Public art has been officially unveiled near a new housing development on the outskirts of a North Yorkshire market town.
The outdoor work is now on permanent display having been incorporated into Mulberry Homes Yorkshire’s development (known as The Oaks) at Sowerby, near Thirsk.
It includes a 6.5-foot high acorn sculpture, created by sculptor Hilary Cartmel, and four carved boulder stones which reflect local heritage and the sustainability theme of the entire Sowerby Art Project.
Fourteen steel and bronze way-marker posts are also being installed throughout the development with three more on the extra care scheme across the road. These are aimed at ‘signposting’ the pedestrian routes through the new Sowerby Gateway.
Forming part of the Sowerby Gateway Public Art Strategy, the Sowerby Art project was led by North Yorkshire-based Chrysalis Arts who put together a team of artists to create the artworks. The local community were heavily involved throughout the duration of the project.
Speaking at the official unveiling of the first pieces of artwork, Andrew Garrens, from Mulberry Homes Yorkshire, said: “This marks years of hard work which started when Mulberry Homes Yorkshire received funding of just over £58,000 from the Arts Council, and invested a further £95,000, to make this project a reality.
“The artwork is fantastic and with The Oaks now almost complete we are delighted to be leaving behind something that will be enjoyed by generations of people.  Those who have been involved can be very proud of what they have achieved. ”
During the development of the sculpture named ‘Cherish Life’, which is sited on a new grassed area on Topcliffe Road, Hilary Cartmel consulted with local groups to generate ideas and poetry about local sustainability and this led to the concept of the acorn and oak leaf with galls. Hilary ran a series of workshops with local groups to create the round patterns for casting the galls in bronze which are mounted on one side of the stainless-steel oak leaf.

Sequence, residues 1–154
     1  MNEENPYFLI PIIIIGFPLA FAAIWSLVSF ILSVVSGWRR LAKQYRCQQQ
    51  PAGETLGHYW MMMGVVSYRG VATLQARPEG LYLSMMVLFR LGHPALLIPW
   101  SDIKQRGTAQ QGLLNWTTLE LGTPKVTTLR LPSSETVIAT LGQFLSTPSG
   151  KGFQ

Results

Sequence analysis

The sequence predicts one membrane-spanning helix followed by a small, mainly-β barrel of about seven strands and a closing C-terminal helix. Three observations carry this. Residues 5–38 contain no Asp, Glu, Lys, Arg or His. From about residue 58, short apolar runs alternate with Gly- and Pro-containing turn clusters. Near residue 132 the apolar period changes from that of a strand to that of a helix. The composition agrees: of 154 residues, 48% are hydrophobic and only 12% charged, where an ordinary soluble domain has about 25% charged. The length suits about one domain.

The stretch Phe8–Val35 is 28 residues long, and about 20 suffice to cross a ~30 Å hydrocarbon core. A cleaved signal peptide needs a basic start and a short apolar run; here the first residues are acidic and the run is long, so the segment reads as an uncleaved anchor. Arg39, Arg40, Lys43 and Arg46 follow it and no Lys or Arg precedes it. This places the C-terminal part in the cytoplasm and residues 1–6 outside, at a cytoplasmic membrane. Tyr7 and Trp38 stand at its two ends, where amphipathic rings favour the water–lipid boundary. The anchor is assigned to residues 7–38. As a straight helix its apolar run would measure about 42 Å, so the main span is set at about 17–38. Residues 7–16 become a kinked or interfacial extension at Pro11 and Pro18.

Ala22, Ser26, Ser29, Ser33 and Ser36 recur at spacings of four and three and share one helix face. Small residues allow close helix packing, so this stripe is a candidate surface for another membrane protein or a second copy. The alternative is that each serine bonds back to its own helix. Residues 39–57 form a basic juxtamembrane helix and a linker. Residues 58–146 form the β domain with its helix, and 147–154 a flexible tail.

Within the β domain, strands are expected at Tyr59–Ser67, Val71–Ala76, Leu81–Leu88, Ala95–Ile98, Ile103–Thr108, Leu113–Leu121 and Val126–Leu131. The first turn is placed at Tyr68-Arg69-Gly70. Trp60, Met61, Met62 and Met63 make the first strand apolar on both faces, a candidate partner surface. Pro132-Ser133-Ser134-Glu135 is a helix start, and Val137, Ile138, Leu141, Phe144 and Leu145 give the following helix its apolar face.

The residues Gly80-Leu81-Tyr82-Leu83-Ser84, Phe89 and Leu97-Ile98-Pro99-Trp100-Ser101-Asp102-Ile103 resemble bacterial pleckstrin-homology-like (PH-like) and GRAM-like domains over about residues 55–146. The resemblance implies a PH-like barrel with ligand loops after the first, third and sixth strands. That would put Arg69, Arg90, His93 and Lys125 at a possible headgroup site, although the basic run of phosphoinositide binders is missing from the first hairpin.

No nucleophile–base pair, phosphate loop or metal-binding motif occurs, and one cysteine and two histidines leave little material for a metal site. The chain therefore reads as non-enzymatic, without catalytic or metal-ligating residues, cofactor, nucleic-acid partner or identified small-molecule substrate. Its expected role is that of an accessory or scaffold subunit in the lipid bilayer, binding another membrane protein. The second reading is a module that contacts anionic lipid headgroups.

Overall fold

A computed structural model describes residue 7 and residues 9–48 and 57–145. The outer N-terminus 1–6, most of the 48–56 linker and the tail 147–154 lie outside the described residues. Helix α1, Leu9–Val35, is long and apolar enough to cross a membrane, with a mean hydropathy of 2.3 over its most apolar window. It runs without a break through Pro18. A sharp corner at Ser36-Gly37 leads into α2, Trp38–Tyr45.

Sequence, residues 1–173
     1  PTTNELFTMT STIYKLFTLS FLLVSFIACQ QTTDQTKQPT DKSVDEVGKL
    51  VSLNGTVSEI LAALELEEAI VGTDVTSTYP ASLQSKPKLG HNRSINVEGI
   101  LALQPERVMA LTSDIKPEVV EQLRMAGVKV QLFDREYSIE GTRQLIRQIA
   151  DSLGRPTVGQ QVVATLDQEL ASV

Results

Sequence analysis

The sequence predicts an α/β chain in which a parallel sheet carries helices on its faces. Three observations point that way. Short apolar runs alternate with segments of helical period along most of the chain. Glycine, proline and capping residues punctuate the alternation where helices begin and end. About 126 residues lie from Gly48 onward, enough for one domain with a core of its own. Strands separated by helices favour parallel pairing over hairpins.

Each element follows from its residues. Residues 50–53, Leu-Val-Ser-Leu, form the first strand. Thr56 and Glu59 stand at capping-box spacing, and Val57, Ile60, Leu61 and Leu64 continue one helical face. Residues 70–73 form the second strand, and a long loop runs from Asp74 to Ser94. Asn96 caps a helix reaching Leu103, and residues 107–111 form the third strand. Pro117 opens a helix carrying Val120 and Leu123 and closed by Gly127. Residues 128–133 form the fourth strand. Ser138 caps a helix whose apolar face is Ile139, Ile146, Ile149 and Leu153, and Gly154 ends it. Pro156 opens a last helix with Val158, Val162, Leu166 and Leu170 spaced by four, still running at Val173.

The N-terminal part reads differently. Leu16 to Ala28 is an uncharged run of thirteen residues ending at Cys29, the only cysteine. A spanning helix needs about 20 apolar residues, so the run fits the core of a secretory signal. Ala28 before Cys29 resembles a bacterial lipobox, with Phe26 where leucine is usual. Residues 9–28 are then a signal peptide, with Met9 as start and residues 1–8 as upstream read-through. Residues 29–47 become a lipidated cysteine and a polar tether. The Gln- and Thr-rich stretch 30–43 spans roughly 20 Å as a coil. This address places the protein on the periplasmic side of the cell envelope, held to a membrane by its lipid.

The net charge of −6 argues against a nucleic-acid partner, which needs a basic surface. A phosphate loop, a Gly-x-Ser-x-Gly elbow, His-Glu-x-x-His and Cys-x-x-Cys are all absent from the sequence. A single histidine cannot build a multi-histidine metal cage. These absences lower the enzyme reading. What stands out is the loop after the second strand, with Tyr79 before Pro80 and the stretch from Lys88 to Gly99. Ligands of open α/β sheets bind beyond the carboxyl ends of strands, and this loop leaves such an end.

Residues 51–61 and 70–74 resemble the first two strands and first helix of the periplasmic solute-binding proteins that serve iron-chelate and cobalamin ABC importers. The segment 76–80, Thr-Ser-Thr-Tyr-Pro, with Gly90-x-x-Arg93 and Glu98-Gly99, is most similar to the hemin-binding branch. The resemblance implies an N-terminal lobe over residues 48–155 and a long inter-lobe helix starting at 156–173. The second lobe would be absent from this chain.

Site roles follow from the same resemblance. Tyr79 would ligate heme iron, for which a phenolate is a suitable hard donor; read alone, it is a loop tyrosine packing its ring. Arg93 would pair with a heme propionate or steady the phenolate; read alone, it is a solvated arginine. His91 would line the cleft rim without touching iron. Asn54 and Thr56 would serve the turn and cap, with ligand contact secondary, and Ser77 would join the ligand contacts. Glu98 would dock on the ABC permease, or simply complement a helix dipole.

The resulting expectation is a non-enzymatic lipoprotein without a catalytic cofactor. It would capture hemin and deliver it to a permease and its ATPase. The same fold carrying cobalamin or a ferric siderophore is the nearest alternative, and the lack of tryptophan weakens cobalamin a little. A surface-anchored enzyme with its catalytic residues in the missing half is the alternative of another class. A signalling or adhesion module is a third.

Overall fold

Micheal Disley led a ‘School of Rock’ which led to six local people carving their own designs into the ‘Sowerby Stones’, four blocks of Yorkshire sandstone that are situated opposite the sculpture.. The community carving sessions were based at Thirsk Garden Centre over several months.  The images reflect what the carvers felt was special about the locality
Children from Thirsk School worked with lead artist Kate Maddison to come up with the designs for steel and cast bronze way-markers made by blacksmiths from Little Newsham Forge and representing the five elements of the sustainability theme: air, earth, fire, water and culture.
Kate, from Chrysalis Arts, said: “These artworks form part of a collection of public art planned for Sowerby Gateway and the artists really value the support of the local community; their input and hard work has been inspirational.
“This artwork is rooted in this part of North Yorkshire, with sustainability the key theme and it signals the beginning of a new settlement at Sowerby Gateway.”
Sowerby Art is a partnership between Mulberry Homes Yorkshire and Chrysalis Arts, with support from Hambleton District Council, Arts Council England, Sowerby Parish Council and Thirsk-based Rural Arts.